All the way to Mandalay
A day of discoveries in the former royal capital
Apparently Rudyard Kipling never made it to Mandalay. If he had, surely he would’ve still preferred Rangoon (now Yangon), Burma’s colonial capital and home to plenty of pukka comforts.
In George Orwell’s Burmese Days, our flawed hero Flory writes of the joy of “those Rangoon trips” visiting Smart and Mookerdum’s to stock up on the latest novels and have dinner at Anderson’s “with beefsteaks and butter that had travelled eight thousand miles on ice”. In Mandalay, the last royal capital of today’s Myanmar, our quest for a bookstore ends in a hole in the wall selling mostly toys and a very tiny selection of novels so dusty and out of date that Flory would have been forced to leave empty handed.
While pancake-flat Mandalay lacks Yangon’s colonial charm, just saying its name evokes a special magic. Downtown streets are dominated by uninspiring concrete buildings (two huge fires in the 1980s destroyed many of the city’s traditional timber structures), but here and there you’ll find a wonky shuttered timber house, and behind small shopfronts people toil in 19th-century workshops, hand-beating gold leaf with enormous hammers or weaving silk on clacking looms.
Getting around the neatly laid out grids is far swifter than traffic-choked Yangon and getting your bearings is easy. Just look for Mandalay Hill; a barefoot climb up the covered walkway with monks and pilgrims is essential and provides a great overview of the city. At the foot of this climb, Mandalay Hill Resort makes a good base, providing ready access to the attractions of the city. Guestrooms are large, but more three than five-star, and there’s a very pleasant garden restaurant with satay and curry stations, hosting an evening cultural show. Beyond the large pool you’ll find a jungle-style day spa; a spot of nimble hopping across river stones is required to access the palm-surrounded spa bungalows but the massages are excellent.
Following nine days on a group cruise, I fancy a bit of freewheeling so ask hotel reception to organise a taxi for a few hours. Tay Zar arrives spot on time in a shiny new air-conditioned car. He speaks good English, knows the city inside out and makes the perfect impromptu guide. We explore “royal” Mandalay first, including the impressive old palace citadel, surrounded by a 70m moat and almost 6.5km of crenellated brick walls. The palace grounds can only be viewed from the street or footpath; the complex was razed during World War II and now serves as a military cantonment, closed to the public. Nearby is a 1990s reconstruction of the royal palace, a complex of 40 timber buildings gilded and brightly painted. Don’t miss Kuthodaw Pagoda, again at the foot of Mandalay Hill, housing 729 inscribed marble slabs, each in its own stupa, constituting the “world’s biggest book”.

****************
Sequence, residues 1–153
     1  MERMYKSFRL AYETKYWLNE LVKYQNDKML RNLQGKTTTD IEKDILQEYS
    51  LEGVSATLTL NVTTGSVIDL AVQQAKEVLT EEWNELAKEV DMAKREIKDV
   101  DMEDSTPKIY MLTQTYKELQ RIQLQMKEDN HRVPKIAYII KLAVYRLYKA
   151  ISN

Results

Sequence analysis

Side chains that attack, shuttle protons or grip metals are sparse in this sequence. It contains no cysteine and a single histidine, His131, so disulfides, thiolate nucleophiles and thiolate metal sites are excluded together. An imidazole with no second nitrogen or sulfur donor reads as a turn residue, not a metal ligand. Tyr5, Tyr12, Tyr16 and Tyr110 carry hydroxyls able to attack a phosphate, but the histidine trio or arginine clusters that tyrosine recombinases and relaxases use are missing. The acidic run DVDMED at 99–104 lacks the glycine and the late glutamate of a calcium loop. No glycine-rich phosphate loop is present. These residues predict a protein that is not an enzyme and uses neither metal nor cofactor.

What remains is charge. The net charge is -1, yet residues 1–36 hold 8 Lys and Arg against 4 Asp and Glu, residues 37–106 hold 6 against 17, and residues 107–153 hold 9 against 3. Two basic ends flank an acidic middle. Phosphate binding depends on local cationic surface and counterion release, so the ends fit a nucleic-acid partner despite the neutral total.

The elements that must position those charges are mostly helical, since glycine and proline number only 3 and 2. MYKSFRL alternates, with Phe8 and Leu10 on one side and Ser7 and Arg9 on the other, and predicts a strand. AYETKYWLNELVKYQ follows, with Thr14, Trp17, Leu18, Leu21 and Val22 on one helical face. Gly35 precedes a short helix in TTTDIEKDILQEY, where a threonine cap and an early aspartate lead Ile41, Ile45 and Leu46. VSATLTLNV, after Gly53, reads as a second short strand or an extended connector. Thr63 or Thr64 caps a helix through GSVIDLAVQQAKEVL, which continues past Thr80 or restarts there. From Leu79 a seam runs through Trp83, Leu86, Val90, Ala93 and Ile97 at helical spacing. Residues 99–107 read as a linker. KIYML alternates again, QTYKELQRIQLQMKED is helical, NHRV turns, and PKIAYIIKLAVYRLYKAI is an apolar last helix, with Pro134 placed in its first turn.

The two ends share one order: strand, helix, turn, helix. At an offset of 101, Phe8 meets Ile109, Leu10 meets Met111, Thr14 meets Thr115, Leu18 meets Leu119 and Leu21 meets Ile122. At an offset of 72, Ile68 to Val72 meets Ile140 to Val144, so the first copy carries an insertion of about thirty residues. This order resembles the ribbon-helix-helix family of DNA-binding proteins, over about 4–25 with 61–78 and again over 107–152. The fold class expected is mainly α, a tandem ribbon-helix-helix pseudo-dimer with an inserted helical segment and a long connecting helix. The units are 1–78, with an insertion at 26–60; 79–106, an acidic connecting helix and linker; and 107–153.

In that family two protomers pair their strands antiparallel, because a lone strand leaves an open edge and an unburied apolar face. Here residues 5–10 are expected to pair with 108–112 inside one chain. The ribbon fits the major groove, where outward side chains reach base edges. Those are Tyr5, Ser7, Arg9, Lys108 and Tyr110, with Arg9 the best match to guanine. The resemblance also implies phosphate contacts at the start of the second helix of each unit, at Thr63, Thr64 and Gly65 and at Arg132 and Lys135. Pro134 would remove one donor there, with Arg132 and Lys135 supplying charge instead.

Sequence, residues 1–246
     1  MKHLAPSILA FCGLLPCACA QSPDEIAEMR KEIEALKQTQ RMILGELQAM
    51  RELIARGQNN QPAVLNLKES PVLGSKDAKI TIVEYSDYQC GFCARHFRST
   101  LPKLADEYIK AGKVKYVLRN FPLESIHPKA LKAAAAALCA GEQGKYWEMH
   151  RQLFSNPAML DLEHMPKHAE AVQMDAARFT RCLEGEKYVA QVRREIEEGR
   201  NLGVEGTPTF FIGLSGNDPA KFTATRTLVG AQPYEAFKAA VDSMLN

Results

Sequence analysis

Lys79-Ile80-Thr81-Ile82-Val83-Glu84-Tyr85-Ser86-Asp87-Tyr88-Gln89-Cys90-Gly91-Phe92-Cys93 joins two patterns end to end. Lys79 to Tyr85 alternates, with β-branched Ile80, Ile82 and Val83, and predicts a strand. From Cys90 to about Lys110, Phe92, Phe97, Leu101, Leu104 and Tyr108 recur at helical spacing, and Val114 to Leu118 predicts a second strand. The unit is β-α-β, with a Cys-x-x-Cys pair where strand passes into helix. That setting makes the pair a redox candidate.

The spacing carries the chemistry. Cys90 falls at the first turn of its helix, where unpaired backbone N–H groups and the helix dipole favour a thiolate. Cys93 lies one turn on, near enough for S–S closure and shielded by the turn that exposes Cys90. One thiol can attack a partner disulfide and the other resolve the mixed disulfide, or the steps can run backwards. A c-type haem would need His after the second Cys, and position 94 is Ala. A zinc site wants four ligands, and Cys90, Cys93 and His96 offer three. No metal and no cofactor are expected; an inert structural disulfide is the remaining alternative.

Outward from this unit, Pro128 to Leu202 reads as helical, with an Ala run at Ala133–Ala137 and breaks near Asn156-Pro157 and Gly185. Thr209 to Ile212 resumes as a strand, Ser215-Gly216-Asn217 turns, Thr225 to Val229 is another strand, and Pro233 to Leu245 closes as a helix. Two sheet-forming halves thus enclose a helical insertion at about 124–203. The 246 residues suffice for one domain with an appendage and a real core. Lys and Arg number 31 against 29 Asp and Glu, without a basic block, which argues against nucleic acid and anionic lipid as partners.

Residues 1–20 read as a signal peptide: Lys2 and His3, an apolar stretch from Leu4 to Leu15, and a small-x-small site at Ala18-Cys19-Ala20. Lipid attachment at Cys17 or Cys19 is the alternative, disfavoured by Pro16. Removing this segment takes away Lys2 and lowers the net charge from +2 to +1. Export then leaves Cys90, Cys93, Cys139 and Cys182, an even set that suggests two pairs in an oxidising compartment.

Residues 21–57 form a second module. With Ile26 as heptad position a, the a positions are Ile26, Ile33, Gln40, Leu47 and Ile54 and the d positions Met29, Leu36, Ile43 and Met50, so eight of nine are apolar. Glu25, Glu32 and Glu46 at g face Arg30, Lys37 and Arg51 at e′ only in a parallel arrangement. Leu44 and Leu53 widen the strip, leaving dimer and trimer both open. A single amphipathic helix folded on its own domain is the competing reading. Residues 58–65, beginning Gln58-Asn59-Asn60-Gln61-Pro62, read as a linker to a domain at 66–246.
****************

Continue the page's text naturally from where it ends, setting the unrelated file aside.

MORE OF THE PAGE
We make a quick stop at Koffee Korner, a popular cafe that looks and feels a bit Cold War but serves fantastic fresh smoothies and extravagantly presented lattes. Be sure to drop by the Zay Cho city markets, a wonderful, mote-flecked labyrinth crowded with stalls cheek by jowl, goods stacked 1m high on teetering shelves; the narrow laneways are crowded with trays of spices, bolts of silk and a jumble of household wares. Tay Zar suggests lunch at Ko’s Kitchen, serving good, very cheap Thai food in a quaint old building. Over my larb and freshly squeezed pineapple juice, I witness one of the more curious idiosyncrasies of travelling in Myanmar, as staff refuse to accept US dollars from a British family because the notes are considered too old, crumpled and “dirty”. While US currency is widely accepted, you’ll need to be sure your stash of greenbacks is brand new, or at the very least, laundered and ironed.
After lunch, we head down to the river and the bustling fish markets, where vendors crowd the footpaths and small shanty towns have been erected on the river flats. During the wet season everyone moves up to the street, says Tay Zar. In this part of town, the narrow, unpaved streets are lined with higgledy-piggledy houses and feel more like old Mandalay and less like a suburb of the provincial city that it’s fast becoming (more than a third of the population now hails from China).
Mandalay sprawls almost all the way to Amarapura, another former royal capital and worth visiting just to see the rather wonderful 19th-century U Bein Bridge, a 1.2km teak span crossing Taungthaman Lake. A busy thoroughfare, even today, the spindly bridge stands on about 1000 tall teak posts salvaged from a former palace and is crowded with vendors selling slices of watermelon and elaborate jewellery fashioned from the fruit’s seeds. It’s a good place to grab a cold beer from one of the lakefront kiosks and sit and watch the world go by.
The large Mahagandayon Monastery, home to more than 1000 monks, is another popular stop. Dozens of tourists gather at 10.30am every day to watch the monks queue for lunch (donated and served from vast vats by the city’s great and good). A large digital clock, five minutes fast, counts down to service before the monks file past, eyes downcast. It feels very intrusive but I would recommend visiting the hellishly hot kitchens where barechested cooks stoke the huge fires and rattle sizzling, cartwheel-size woks.
Australian visitors cruising Myanmar’s Ayeyarwady River will generally commence or end their voyage in Mandalay, still considered the country’s cultural capital, and it makes the perfect bookend to bustling Yangon.
Christine McCabe was a guest of Cruiseco aboard the new Cruiseco Explorer.
Monks outside Kuthodaw Pagoda, left, at the foot of Mandalay Hill; brilliant colours of busy Mandalay market, above; and 19thcentury U-Bein teak bridge crossing Taungthaman Lake, below